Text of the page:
Thursday, October 20, 2016

A Little Marked Up

First of all, I think we can put that whole "Cubs offense disappears again" narrative to bed now, huh?  Hot damn!  With last night's 10-2 drubbing, the series is now even at two apiece and I'm feeling pretty good about tonight's Lester vs. Maeda match up.

Another win that got me feeling pretty good did not come on the field; rather, it came from a humble little blog known as Mark's Ephemera and came courtesy of the site's namesake operator.

You see, earlier this month, Mark pulled the trigger on a large box of vintage singles from his LCS and walked away with a good amount of nice cards for a touch more than ten cents a pop.  Not a bad deal, eh?  However, while cheap vintage is rarely in pristine condition, some of Mark's spoils were... shall we say... well-handled.  Rather than simply toss them in the waste basket (which is almost sacrilege to this card-collector), Mark decided to offer them up in a contest.  This perked my ears, for sure.

You see, condition isn't usually critical with this bargain-bin dweller and 40+ year old cards are always fun.  I tossed my name in the hat and away we went.  One week later, I read that I'd come out on top of the drawing - my FIRST blogging contest win ever!  So, please allow me to now show off my spoils:

Of all the cards included in the prize package, it was this one that I wanted the most.  This 1964 single is my very first vintage card of Lou Brock and period-authentic Cubs cards of the Hall of Fame base-stealer are few and normally out of my price range.  As you can see, a period-authentic child with copious record-keeping skills updated his card so that it reflected Brock's trade to the stupid Cardinals, but that's not enough to dampen my enthusiasm.

Also, the paper loss does not (totally) prevent one from seeing the sweet "Cub" sleeve patch either.

The other card in this lot that got me salivating was this 1969 card of the tall, lanky lefty known as Steve Hamilton.  Of course, though he is much better known for his time with the Yankees, the "floater" pitcher capped his career with the Cubs in 1972.

Also of note is the fact that Steve used his height (6'7") on both the pitcher's mound and on the hardwood as a forward for the Minneapolis Lakers.  He played for the 1958-59 team that lost to the Celtics during the NBA Finals.and over 2 seasons he averaged 4.5 points per game, 3.4 rebounds per game, and 0.5 assists per game.

His two-sport prowess is noted in cartoon form on the back of the card.  I think we can all agree that successful multi-sport athletes are super fascinating and cool (eat your heart out Tebow). Sadly, no basketball cards of Hamilton's time in the NBA exist and, in fact, I couldn't even locate a picture from his time as a Laker; thus, this cartoon is as close as it will get to being commemorated in my collection.

Furthermore, based on the state of this single, I have to wonder how well Mr. Hamilton played in the "crease."  Ba-dum-tiss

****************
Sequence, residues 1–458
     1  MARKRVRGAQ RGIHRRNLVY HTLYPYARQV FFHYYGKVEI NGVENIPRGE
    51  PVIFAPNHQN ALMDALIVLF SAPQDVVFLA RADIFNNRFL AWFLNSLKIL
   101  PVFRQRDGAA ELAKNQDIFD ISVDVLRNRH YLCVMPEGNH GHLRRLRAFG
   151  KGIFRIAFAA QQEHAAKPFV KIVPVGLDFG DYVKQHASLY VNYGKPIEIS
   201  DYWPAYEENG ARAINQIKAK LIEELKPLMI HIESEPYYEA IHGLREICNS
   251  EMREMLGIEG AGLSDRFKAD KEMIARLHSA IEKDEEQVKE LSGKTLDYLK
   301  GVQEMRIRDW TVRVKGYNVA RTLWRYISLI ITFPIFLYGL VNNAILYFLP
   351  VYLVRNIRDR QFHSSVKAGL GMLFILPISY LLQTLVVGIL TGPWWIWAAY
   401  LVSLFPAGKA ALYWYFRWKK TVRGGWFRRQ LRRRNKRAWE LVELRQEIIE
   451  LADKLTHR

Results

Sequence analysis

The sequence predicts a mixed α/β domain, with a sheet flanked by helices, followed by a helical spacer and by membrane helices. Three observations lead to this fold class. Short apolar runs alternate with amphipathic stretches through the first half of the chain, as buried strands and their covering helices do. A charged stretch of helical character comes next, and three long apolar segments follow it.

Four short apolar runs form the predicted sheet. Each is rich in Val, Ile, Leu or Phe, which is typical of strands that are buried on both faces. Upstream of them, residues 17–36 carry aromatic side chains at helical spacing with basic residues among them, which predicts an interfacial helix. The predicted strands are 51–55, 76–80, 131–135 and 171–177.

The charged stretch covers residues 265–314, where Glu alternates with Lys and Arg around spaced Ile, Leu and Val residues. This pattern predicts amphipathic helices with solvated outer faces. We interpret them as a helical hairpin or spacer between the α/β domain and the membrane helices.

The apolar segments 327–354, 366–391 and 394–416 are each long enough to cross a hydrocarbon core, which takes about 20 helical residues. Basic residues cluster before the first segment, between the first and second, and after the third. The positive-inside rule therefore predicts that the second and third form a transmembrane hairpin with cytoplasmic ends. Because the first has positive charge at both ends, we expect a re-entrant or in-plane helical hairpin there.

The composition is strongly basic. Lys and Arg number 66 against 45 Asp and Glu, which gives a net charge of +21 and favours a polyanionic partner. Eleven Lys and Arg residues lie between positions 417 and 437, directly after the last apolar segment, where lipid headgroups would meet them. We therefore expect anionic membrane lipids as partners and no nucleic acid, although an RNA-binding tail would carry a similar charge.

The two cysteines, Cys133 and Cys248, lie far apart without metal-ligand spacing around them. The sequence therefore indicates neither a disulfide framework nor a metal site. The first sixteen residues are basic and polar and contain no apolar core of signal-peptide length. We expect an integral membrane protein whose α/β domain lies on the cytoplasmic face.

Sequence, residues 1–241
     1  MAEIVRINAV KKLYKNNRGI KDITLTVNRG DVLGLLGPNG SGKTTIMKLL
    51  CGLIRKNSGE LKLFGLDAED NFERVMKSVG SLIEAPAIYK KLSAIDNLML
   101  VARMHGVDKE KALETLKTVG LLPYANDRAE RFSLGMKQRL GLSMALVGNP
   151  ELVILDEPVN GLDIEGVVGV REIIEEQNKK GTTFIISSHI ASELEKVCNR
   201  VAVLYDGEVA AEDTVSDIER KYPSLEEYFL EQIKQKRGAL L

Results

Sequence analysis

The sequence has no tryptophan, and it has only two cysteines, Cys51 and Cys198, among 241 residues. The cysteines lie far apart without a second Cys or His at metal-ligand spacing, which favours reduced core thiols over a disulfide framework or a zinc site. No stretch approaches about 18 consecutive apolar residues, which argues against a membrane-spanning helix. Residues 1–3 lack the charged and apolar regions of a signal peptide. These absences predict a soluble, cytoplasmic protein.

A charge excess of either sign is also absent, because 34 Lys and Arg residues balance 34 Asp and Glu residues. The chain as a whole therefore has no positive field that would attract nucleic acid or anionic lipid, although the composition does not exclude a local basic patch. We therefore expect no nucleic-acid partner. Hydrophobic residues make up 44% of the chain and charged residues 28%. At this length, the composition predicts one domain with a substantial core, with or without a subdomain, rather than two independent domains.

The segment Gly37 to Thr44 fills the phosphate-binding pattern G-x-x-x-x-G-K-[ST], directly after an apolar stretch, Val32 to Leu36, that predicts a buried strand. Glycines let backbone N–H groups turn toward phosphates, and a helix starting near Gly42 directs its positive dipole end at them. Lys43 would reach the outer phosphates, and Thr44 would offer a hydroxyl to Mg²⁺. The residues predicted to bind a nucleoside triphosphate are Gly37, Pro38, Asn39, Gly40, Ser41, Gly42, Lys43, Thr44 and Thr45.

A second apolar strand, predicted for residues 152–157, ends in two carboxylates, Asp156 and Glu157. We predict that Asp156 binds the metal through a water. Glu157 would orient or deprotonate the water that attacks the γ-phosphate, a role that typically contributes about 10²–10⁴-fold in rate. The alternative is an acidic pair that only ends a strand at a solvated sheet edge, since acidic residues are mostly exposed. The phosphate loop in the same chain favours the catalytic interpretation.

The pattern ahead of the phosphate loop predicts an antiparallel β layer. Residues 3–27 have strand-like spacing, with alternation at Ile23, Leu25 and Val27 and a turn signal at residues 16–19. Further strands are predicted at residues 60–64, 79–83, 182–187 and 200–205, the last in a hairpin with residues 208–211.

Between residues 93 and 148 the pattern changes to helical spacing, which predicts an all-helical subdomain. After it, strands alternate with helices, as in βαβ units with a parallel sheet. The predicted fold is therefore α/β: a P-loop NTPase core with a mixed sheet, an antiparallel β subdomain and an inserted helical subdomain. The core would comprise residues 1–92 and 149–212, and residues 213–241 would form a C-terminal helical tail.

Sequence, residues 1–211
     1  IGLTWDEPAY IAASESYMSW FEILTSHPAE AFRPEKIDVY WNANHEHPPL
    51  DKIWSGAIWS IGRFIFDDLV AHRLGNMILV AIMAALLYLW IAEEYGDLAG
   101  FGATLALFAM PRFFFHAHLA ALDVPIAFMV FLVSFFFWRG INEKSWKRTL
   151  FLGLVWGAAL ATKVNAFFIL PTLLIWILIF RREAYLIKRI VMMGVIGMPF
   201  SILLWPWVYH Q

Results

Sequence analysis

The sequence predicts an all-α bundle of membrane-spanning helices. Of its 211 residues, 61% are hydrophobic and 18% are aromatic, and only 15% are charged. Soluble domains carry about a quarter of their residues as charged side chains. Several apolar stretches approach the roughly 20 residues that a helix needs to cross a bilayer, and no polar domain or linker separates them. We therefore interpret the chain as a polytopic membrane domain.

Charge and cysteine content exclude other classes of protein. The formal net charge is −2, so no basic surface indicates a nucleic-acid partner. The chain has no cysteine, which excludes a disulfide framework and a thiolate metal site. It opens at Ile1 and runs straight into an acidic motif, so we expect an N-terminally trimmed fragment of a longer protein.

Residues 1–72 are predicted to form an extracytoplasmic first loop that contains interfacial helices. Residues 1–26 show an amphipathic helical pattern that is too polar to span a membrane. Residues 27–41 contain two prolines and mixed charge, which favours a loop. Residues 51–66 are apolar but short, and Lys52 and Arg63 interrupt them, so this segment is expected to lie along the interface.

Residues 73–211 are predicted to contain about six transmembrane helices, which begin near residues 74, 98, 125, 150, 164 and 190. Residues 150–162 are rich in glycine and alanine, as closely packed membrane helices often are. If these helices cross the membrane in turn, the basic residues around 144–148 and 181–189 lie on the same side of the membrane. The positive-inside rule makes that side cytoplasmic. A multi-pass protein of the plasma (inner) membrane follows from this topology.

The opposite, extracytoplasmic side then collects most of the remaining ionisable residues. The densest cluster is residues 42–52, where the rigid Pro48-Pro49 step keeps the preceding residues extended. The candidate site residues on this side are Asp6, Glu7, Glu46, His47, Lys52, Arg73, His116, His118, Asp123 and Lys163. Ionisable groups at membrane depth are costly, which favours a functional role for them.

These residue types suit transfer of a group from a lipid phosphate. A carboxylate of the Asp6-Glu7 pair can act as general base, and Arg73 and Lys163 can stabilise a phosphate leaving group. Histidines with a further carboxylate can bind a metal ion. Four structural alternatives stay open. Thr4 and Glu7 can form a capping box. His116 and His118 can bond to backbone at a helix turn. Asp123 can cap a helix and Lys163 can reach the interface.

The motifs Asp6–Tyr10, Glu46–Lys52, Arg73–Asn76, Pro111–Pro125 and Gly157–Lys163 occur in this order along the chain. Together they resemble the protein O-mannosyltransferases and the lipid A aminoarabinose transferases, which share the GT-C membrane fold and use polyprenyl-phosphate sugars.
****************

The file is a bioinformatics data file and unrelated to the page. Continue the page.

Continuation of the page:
While the previous two shown off were my "chase cards," there was still an assortment of "well-loved" goodies left to sort through.

Hank Fischer doesn't appear to believe in borders and has shed the entirety of his right frame quite ungracefully.  Meanwhile, Mel McHaha seems to be suffering from a bizarre skin condition - perhaps that's what led to his notated exit from Cleveland?

By the way, congratulations to the Cleveland Indians for winning the AL pennant!  Let's get at least one drought broken this year.

Gil Garrido appears to have gotten his bottom right corner caught in the "gills" of some kind of thresher.  Otherwise, the rest of the card is pretty fair, considering how long this scrap of paper has been on this earth.

Finally, we have this dual rookie card from 1967 Topps featuring Angels who failed to capitalize on that billing.  

In the process of typing up this post, I discovered that this closing card also fits squarely into one of my various collections - my "Coulda Been a Cub" binder.  As it turns out, the Cubs were the final organization that Bill Kelso played with, as he was traded here from the Montreal Expos with Dan McGinn for Hal Breeden and Hector Torres in 1972.  But, he never got out of AAA Wichita.

Surprise bonus finds are the best finds!

All and all, this made for one heckuva prize package and many thanks go out to Mark for hosting this giveaway.  Mark's Ephemera has long been one of the pillars to our card-blogging community and it's readily apparent why.  He may not be posting that much in 2016; but, when he does, it's always informative and often chock full of fascinating oddballs and vintage.  I highly suggest following him on Twitter too (@mdaubrey), where he's veru much active and constantly sharing those card finds and interesting bits of baseball history/trivia.  In short, you rock, Mark!

Just like the Cubs are going to rock the Dodgers tonight... hopefully.


  1. I entered hoping to get that Hamilton mostly, but of course I did not win. Congrats!

  2. It's really hard to tell but is Lou wearing Ernie's batting helmet or his own. Here's a good shot with Lou obviously wearing his own: